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Jackie Chan's Tweets on Manila bus deaths draw ire


Associated Press

LAST UPDATED: 07:13 a.m. HST, Aug 26, 2010

HONG KONG — Jackie Chan's Tweets about the Manila bus hijacking have drawn a barrage of Internet attacks in his native Hong Kong, which lost eight residents in the tragedy.

An armed former police officer seeking reinstatement commandeered a bus carrying a Hong Kong tour guide and 20 tourists in the Philippine capital on Monday. He released several children and elderly hostages early on, but later opened fire on the remaining hostages after a daylong standoff with police, killing eight before being shot by a police sniper.

Outraged Hong Kongers have criticized the Philippine government for acting too slowly.

But Chan, Hong Kong's most famous celebrity, has taken a more diplomatic tack, suggesting in comments through his Twitter account that the Philippine police faced a tough dilemma.

"If they killed the guy sooner, they will say why not negotiate first? If they negotiate first, they ask why not kill the guy sooner? So sad," the veteran action star wrote on Wednesday.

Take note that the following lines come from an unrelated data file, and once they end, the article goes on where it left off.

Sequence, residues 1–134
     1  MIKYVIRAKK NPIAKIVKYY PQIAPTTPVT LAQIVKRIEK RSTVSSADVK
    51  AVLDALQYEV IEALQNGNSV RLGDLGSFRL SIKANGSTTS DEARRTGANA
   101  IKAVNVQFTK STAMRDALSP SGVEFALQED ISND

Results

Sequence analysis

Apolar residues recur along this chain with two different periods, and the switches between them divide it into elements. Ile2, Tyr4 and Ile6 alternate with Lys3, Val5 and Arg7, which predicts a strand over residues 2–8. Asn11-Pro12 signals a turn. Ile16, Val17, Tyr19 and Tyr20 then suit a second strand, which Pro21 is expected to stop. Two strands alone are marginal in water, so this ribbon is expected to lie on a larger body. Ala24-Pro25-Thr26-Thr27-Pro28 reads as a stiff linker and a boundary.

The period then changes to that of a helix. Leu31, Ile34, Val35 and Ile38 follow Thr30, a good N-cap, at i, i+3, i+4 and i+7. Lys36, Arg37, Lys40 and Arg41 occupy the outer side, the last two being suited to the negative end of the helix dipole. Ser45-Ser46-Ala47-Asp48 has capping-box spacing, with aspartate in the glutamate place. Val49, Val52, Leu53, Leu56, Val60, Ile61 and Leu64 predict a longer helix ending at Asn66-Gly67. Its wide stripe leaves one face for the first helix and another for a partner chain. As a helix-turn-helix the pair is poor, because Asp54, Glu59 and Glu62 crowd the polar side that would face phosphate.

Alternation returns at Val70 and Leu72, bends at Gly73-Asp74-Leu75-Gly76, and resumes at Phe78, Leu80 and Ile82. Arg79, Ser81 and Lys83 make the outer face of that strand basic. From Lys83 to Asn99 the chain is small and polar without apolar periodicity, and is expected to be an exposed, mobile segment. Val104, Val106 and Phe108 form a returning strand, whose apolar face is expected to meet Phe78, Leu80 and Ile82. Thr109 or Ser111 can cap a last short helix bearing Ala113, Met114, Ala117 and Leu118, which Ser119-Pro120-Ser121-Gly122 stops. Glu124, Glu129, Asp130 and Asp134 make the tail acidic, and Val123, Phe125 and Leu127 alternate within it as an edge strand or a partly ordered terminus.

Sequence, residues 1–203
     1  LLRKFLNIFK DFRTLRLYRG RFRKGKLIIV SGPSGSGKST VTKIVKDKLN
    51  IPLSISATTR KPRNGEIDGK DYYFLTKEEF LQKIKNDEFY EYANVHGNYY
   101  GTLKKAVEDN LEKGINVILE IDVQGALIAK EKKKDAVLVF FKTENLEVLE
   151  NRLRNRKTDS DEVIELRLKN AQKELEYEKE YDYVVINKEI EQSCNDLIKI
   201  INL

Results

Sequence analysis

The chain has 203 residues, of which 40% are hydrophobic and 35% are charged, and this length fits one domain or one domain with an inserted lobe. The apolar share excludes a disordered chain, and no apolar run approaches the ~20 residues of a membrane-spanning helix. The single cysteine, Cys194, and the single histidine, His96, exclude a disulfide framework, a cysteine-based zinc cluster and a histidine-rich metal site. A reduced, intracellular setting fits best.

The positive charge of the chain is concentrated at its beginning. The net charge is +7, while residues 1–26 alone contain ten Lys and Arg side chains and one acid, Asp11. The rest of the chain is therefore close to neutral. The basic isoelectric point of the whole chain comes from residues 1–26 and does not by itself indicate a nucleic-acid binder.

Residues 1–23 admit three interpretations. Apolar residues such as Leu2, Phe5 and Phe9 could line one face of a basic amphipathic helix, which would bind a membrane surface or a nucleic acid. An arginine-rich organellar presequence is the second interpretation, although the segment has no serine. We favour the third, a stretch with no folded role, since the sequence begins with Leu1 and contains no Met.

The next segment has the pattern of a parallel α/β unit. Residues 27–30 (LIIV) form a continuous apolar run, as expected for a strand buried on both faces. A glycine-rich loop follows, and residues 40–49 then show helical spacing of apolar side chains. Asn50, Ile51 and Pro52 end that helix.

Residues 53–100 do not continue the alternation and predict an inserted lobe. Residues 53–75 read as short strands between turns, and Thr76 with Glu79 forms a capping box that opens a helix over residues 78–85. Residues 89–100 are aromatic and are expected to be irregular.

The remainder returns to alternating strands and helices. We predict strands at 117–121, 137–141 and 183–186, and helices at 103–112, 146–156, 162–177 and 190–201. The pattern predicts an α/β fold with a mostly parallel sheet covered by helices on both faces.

He also urged Hong Kongers not to direct their anger at Filipinos living in Hong Kong. Tens of thousands of Filipinos work as live-in domestic helpers for Hong Kong families.

The comments did not go down well with his compatriots. Facebook users quickly set up three groups called "Jackie Chan doesn't represent me" and drew a slew of sharply worded attacks.

"Shut up! Hong Kong people don't need you. You side with outsiders and not your own. You will face karmic retribution for your disrespect for the victims," Iris Yau said.

"He just doesn't understand the pain of Hong Kong people," Violet Wing wrote.

Edward Tang, a publicist for Chan, didn't immediately respond to an e-mail from The Associated Press seeking comment.

Chan has a history of making controversial comments.

He caused an uproar last year by saying at a business forum it may not be good for authoritarian China to become a free society, saying freedoms in democratic Taiwan and Hong Kong — which enjoys some free elections — made those societies "chaotic."




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